Dutch Reformed Church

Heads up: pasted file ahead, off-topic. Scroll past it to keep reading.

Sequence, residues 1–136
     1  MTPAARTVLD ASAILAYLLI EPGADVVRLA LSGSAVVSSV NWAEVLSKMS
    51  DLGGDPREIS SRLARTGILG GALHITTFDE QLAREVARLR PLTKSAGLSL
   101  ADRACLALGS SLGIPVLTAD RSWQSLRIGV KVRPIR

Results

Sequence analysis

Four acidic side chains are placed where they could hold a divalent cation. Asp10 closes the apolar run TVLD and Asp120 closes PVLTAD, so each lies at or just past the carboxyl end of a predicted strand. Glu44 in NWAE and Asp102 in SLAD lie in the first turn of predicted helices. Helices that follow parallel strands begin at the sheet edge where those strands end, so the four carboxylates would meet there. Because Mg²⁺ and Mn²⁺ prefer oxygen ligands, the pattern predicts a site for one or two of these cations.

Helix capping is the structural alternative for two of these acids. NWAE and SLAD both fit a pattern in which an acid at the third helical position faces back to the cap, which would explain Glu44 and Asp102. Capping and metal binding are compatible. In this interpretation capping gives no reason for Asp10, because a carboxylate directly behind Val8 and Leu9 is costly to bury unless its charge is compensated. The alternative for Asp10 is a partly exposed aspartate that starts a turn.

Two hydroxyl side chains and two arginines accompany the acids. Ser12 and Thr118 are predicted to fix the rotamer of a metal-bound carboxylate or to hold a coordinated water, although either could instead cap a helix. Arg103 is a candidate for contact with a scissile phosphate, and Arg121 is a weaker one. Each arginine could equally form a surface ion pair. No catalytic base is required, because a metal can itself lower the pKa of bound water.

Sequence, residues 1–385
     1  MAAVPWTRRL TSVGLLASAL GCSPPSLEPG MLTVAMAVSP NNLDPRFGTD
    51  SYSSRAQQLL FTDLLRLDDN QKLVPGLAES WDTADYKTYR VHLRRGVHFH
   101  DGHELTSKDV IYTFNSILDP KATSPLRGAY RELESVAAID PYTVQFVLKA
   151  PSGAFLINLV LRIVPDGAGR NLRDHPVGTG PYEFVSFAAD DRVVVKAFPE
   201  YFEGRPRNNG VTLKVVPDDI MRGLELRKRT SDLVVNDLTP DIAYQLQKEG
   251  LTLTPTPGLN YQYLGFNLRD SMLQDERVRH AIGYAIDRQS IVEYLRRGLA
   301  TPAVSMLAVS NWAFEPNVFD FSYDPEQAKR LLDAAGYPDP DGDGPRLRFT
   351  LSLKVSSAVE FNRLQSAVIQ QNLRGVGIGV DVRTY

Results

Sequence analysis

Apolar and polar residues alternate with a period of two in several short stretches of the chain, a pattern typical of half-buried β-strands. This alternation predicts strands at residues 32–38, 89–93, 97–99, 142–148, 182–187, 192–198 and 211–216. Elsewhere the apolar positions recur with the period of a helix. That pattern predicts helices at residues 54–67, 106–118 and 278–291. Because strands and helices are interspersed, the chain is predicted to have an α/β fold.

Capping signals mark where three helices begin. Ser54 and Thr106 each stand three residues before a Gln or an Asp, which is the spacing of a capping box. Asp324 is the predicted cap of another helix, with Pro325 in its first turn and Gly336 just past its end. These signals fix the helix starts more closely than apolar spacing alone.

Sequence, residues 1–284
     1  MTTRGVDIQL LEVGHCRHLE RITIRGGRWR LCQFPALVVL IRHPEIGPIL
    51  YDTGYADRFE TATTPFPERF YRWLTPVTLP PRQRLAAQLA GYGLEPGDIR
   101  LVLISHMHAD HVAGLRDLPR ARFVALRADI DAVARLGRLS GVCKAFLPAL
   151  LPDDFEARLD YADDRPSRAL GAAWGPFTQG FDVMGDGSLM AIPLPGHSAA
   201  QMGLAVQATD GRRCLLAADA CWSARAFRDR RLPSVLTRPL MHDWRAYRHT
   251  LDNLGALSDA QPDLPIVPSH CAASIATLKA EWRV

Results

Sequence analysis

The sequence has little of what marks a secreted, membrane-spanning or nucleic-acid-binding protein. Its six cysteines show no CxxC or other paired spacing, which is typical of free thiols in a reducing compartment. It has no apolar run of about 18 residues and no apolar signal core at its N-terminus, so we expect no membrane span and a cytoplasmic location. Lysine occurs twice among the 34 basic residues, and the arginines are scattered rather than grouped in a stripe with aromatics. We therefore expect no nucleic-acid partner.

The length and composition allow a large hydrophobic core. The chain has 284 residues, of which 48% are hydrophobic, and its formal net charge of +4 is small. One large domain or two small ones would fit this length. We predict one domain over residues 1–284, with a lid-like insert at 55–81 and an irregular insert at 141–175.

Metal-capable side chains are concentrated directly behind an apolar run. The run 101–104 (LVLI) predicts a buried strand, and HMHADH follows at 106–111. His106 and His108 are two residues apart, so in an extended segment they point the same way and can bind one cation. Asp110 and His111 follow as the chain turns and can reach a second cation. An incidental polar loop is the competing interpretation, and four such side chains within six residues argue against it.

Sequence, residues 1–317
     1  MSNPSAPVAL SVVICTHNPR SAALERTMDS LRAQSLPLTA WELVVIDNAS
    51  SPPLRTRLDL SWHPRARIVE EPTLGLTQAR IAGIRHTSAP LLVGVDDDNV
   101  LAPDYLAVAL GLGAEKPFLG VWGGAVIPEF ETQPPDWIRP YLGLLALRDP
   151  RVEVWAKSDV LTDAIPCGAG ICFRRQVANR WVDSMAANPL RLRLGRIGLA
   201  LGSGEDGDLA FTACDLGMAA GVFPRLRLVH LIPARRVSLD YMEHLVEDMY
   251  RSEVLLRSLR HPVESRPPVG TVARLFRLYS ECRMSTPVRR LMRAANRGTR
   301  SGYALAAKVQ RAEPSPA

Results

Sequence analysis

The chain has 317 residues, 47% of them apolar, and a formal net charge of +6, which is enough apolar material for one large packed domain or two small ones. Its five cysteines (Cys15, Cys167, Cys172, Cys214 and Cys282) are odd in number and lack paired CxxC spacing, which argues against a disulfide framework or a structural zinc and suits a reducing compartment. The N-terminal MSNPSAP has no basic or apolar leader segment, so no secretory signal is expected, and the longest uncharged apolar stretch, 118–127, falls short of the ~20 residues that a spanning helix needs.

The Dutch Reformed Church to which Van Gogh's father belonged was a type of Protestantism, which originated in the 16th century. Like other protestant movements, it followed Calvinism, the doctrine of Johannes Calvijn (1509-1564). It reaffirms the authority of scripture, emphasizes predestination, and stresses the power of God's will. The good protestant embodies the purposes of God in his or her own life. Van Gogh's father, a moderate, quietly fulfilled his role as minister to his small congregation. Van Gogh, however, seemed to fully embrace the urge to work out the principles of Christianity in his life. His religiosity was sometimes related to the visual arts. The theme of his first sermon as a lay preacher was inspired by a painting, one that depicted a Christian pilgrim (by George Henry Boughton). When he failed at his first impulse—to alleviate the hard life of the peasant worker through his own ministry—Van Gogh demonstrated his compassion toward mankind through his own artwork.